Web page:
Canine Leukocyte Adhesion Deficiency (clad)
Canine leukocyte adhesion deficiency (clad) is a disease of the immune system found in Irish Setters. The gene responsible, ß-2 integrin, has now been identified and a DNA test devised. The disease shows an autosomal recessive mode of inheritance; therefore. two copies of the defective gene, one inherited from each parent, have to be present for a dog to be affected by the disease. Individuals with one copy of the defective gene and one copy of the normal gene - called carriers - show no symptoms but can pass the defective gene onto their offspring. When two apparently healthy carriers are crossed, 25% (on average) of the offspring will be affected by the disease with a further 50% themselves being carriers.
The Animal Health Trust is now offering a DNA test for this disease distinguishing affected, carrier and normal individuals. The test probes directly the DNA of the ß-2 integrin gene and provides definitive information on the genetic status of this disease, giving breeders the information to eradicate the disease from their lines. The test cannot only diagnose setters affected with this disease but can also detect those dogs which are carriers, showing no symptoms of the disease but able to produce affected pups if mated to another carrier.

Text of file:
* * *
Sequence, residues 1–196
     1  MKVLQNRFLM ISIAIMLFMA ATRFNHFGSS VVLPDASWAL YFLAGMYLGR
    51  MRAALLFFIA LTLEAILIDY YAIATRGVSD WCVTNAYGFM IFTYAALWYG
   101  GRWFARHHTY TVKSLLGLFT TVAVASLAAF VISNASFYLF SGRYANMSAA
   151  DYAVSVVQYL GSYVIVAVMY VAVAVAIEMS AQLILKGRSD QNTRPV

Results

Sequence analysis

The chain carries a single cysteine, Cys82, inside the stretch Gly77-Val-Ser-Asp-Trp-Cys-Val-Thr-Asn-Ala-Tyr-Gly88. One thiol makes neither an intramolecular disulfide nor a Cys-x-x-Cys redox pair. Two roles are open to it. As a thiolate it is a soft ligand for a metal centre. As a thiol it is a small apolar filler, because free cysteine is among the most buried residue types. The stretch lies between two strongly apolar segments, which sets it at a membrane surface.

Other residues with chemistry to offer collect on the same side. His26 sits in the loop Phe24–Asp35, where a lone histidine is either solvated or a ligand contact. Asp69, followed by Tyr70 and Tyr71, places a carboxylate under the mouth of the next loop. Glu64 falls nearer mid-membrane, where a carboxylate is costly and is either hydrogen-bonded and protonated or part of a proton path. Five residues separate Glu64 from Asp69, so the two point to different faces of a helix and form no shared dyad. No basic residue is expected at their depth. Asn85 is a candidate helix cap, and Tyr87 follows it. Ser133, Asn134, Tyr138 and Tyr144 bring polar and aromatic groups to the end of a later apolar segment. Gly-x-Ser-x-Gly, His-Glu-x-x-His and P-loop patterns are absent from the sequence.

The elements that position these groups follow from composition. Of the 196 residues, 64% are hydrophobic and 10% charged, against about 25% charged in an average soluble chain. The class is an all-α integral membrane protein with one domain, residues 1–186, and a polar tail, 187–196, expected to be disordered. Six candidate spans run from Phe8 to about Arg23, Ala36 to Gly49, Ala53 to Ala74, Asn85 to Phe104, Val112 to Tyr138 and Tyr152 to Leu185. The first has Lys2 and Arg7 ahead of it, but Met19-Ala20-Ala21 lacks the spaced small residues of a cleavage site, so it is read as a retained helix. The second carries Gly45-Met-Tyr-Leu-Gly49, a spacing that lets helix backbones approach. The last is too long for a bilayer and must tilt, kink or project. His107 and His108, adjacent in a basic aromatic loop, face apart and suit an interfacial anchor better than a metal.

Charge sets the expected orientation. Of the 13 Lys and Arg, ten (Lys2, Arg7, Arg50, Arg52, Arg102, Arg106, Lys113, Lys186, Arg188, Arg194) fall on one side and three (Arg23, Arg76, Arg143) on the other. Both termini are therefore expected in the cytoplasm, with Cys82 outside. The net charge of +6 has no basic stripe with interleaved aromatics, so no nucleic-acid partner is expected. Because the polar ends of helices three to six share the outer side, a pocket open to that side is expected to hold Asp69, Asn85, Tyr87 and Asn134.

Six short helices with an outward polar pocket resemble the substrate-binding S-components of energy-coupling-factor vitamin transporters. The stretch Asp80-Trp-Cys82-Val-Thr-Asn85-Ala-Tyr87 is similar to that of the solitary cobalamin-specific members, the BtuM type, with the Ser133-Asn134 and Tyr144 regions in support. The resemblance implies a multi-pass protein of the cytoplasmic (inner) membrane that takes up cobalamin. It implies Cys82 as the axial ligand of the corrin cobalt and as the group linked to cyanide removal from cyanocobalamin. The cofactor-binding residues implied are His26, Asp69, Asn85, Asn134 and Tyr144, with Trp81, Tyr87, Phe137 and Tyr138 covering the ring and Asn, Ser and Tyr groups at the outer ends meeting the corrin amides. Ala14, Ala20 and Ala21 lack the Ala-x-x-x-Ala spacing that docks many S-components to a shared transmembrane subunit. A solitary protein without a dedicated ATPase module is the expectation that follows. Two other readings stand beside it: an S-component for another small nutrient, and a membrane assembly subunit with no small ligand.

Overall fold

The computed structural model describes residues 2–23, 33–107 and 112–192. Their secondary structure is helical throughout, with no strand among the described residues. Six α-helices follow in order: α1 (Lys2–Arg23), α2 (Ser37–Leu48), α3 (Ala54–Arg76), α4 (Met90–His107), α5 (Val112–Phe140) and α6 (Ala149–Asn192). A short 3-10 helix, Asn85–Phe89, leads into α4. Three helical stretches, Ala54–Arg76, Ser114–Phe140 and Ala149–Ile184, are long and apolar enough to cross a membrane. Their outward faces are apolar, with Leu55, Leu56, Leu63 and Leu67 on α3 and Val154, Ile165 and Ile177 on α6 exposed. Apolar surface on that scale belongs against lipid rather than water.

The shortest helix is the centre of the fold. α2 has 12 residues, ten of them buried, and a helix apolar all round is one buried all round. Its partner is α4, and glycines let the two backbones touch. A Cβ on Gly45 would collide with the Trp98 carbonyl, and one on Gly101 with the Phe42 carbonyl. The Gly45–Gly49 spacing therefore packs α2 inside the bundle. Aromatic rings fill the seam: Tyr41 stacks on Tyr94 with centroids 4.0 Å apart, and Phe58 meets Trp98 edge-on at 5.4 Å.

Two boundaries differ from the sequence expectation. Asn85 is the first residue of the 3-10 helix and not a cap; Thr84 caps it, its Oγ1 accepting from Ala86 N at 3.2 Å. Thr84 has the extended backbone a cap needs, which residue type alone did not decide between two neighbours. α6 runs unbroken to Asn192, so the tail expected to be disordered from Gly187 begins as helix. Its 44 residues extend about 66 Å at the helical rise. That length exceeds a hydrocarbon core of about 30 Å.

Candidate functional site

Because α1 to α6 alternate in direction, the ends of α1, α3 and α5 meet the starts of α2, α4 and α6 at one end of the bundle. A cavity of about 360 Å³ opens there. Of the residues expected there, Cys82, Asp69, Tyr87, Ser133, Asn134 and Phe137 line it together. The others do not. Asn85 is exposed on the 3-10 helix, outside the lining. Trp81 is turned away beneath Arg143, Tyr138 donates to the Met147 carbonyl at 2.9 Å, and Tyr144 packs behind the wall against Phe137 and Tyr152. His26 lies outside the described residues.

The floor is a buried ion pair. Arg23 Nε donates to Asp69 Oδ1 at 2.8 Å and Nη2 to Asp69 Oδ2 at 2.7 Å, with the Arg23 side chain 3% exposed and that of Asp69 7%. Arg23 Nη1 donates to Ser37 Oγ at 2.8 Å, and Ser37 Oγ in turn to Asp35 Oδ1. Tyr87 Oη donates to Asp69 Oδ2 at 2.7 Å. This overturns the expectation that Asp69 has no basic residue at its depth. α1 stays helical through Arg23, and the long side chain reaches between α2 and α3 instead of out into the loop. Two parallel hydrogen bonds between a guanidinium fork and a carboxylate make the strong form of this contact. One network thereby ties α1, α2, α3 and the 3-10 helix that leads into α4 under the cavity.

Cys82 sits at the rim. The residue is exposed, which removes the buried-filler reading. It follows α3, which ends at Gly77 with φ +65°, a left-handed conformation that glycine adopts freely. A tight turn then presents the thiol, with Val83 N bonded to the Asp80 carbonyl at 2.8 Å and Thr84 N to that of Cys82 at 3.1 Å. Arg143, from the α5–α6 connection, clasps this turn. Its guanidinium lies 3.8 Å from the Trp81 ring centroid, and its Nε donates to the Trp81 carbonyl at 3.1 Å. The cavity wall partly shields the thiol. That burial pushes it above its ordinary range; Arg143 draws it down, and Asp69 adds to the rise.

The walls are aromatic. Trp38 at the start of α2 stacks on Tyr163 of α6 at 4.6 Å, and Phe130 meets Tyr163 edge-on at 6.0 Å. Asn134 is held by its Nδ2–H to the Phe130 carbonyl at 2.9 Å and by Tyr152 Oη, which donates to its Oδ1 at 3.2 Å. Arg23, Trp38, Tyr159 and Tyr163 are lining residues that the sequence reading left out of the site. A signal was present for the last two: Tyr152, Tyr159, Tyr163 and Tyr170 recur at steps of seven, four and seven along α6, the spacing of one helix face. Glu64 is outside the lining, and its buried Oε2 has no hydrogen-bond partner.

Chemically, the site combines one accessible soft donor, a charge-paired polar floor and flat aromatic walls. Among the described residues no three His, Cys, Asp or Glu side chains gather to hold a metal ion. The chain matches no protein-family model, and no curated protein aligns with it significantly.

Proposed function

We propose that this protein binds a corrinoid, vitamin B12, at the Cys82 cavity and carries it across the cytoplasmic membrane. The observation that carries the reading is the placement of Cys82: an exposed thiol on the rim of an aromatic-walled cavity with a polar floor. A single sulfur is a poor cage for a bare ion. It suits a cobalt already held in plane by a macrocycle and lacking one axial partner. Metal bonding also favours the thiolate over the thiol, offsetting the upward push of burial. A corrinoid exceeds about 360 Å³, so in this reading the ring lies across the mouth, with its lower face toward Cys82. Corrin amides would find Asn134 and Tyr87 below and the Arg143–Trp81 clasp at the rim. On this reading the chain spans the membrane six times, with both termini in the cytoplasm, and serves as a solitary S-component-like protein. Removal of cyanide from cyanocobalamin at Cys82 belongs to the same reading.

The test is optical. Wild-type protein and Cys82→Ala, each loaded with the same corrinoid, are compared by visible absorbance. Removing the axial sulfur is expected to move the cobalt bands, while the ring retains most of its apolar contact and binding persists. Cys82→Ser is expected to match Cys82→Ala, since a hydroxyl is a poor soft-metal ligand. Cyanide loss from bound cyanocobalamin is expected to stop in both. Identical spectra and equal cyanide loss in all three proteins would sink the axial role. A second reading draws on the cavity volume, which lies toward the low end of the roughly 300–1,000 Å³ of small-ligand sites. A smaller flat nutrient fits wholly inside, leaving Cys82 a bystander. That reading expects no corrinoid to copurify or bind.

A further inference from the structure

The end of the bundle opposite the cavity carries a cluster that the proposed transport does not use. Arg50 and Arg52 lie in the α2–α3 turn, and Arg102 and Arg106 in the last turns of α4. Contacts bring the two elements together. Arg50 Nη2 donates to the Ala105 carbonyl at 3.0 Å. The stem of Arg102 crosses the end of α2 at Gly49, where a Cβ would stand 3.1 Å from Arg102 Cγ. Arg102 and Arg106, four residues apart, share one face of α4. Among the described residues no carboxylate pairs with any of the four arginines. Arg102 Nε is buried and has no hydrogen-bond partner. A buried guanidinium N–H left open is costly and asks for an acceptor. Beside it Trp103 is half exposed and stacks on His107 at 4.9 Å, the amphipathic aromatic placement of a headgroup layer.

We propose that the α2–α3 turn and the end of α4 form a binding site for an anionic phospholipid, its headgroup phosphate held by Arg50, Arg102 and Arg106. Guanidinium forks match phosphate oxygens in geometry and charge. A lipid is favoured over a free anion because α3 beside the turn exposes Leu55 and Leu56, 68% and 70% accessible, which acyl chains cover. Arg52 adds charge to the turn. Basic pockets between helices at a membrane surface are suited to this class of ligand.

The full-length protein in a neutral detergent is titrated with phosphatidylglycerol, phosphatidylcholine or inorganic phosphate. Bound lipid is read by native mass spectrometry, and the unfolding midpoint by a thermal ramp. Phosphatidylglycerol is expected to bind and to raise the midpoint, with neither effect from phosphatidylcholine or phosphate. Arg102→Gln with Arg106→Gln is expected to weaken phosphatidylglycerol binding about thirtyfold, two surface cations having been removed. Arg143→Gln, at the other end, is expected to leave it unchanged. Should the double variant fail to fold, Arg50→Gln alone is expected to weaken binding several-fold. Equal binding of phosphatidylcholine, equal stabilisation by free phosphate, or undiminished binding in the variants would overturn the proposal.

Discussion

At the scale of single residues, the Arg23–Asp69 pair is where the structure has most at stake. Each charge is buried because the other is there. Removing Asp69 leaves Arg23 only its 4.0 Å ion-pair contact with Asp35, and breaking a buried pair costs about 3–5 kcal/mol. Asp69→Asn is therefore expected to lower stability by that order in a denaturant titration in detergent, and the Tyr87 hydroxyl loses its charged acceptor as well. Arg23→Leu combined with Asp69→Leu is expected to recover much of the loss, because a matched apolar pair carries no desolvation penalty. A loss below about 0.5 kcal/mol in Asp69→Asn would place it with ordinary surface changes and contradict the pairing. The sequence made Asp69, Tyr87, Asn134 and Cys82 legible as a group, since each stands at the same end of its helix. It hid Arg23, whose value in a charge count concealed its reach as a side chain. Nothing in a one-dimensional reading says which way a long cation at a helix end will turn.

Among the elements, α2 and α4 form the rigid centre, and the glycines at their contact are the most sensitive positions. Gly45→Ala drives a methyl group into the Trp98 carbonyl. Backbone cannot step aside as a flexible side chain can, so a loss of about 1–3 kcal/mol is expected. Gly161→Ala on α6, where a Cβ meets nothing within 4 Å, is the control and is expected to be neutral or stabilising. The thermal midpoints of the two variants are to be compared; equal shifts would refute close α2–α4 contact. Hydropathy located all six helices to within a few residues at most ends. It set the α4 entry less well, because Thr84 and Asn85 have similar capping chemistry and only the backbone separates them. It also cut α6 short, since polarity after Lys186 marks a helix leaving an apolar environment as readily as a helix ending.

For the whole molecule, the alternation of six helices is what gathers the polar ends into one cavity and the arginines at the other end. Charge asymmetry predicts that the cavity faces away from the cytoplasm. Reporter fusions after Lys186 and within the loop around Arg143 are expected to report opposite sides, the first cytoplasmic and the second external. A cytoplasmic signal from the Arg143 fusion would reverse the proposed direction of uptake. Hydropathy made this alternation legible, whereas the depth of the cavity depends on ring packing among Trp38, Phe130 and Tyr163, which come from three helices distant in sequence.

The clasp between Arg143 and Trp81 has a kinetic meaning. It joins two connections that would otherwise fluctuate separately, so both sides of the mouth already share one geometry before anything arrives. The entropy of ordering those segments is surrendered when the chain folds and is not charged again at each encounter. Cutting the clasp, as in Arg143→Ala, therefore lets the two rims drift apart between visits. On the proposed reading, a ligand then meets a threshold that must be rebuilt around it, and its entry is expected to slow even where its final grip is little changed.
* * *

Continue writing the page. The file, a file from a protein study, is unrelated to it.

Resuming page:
DNA testing for clad is carried out under a screening scheme run with the Kennel Club. Results are made publicly available through the Kennel Club Website ( http://www.the-kennel-club.org.uk)
Samples submitted should be cheek swabs ( a non-invasive sampling method). Sampling kits are obtainable from the Animal Health Trust webshop www.ahtdnatesting.co.uk. Further information can be obtained by emailing email@example.com